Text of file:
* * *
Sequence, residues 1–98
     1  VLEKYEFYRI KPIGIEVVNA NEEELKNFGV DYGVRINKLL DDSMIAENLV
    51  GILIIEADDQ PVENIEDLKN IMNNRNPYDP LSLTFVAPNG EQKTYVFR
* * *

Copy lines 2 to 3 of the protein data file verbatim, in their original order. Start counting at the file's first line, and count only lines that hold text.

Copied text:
     1  VLEKYEFYRI KPIGIEVVNA NEEELKNFGV DYGVRINKLL DDSMIAENLV
    51  GILIIEADDQ PVENIEDLKN IMNNRNPYDP LSLTFVAPNG EQKTYVFR